This is the seventeenth in a series of blog posts discussing major figures in film and literature, based on the Major Arcana of the Tarot. I'll be using the 21 Major Arcana of the standard Rider-Waite-Smith Tarot deck. For some more background on the deck's history and its elusive role in popular culture, see this post from HiLowBrow, which is a good primer on the Tarot, and pretty fascinating in its own right.
As two troubling cards follow one another in the Major Arcana, so two provocateur directors follow each other in my list of associations. If the Fool follows the path laid out by the trumps, he has just experienced the turmoil of self-bondage with the Devil, and now, with the Tower, he hits rock bottom: the structure he has been building for himself is collapsing, and he will have to emerge from the rubble, or be washed away entirely by his trials.
Von Trier and Gaspar Noe both trade in the psychology of anxiety and crisis, but their approach is strikingly different. Gaspar Noe's films feel undeniably like punishment... there is very little in them that feels enlightening, or feels like any sort of opportunity for growth. The send the viewer through the ringer, and then the credits roll, and we take a deep breath and hope a pint of ice cream will salve our wounds. Von Trier, on the other hand, builds his films around crises that are part of a broader journey. They are still often depressing and nihilistic, but they also reveal something redemptive about their main characters, even if they're ultimately broken.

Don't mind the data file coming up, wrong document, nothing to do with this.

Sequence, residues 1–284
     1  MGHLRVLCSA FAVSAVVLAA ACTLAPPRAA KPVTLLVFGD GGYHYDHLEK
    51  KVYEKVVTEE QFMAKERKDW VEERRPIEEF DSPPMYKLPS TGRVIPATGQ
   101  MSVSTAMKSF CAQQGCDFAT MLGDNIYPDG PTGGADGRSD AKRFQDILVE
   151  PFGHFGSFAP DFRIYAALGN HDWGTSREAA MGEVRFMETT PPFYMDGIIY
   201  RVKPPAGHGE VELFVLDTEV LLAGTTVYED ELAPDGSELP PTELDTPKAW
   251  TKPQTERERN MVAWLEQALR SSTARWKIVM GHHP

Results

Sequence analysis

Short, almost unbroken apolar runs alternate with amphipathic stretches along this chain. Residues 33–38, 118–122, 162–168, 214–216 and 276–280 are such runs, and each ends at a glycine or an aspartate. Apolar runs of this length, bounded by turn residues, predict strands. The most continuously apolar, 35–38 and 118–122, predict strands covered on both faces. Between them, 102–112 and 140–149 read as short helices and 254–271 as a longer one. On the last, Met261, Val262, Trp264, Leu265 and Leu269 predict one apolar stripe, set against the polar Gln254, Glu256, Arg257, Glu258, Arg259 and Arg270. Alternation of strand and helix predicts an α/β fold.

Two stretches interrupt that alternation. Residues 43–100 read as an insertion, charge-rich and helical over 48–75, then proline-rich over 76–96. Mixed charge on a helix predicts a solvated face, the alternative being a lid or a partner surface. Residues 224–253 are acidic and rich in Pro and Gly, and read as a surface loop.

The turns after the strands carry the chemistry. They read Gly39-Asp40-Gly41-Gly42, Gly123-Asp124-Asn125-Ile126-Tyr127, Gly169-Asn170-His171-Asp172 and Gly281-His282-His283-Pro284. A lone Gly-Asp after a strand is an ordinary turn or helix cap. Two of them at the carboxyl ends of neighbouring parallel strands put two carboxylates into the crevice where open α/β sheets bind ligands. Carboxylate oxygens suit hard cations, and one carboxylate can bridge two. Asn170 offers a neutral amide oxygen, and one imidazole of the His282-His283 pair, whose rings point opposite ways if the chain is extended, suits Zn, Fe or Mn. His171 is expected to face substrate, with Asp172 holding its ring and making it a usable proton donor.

Of all Von Trier's movies, Anti-Christ is probably his most pessimistic -- it feels the most like a product of the Devil, leaving only ruins of its protagonists. The only enlightenment to be had in Anti-Christ is the knowledge that both He and She are reaping the consequences of their own sins. But Trier's more recent film, Melancholia, is more hopeful, even though it's a meditation on depression and despair.
In Melancholia, there is a binary system of support and collapse: first, there is the collapse of Justine's personality, as she sinks into self-destruction and sabotages her own wedding. With her sister's help, she eventually rises from the rubble of her life, reclaiming her composure. As she does this, there is a larger collapse: the collapse of the planet Earth, which is being devoured by a wayward planet, an agent of the end of the world. This is a crisis from whence there can be no recovery; but Justine has already looked into this abyss, and she alone is equipped to face down a future without hope. Through Justine, the small family has an opportunity to find peace, and even dignity, in the shadow of an approaching cataclysm.
Von Trier's emotional machinations are subtle, but they are multi-dimensional. His preoccupation with human behavior in the shadow of crisis goes back to his earlier films, with Breaking the Waves as an especially poignant example. In Breaking the Waves, Bess must face the crisis of her husband's paralysis, occurring just after they have been married. In a misguided attempt to heal him, Bess sacrifices herself through perversity and self-denial. And though the whole edifice of her peaceful life collapses, the film ends on a surreally redemptive note -- a sign that in the ruins of the fallen tower, some people, at least can stand back up.
And where Gaspar Noe's films let darkness consume us, Van Trier's films shake the tower we're cowering in, until the structure starts to topple and lets in the first shafts of light.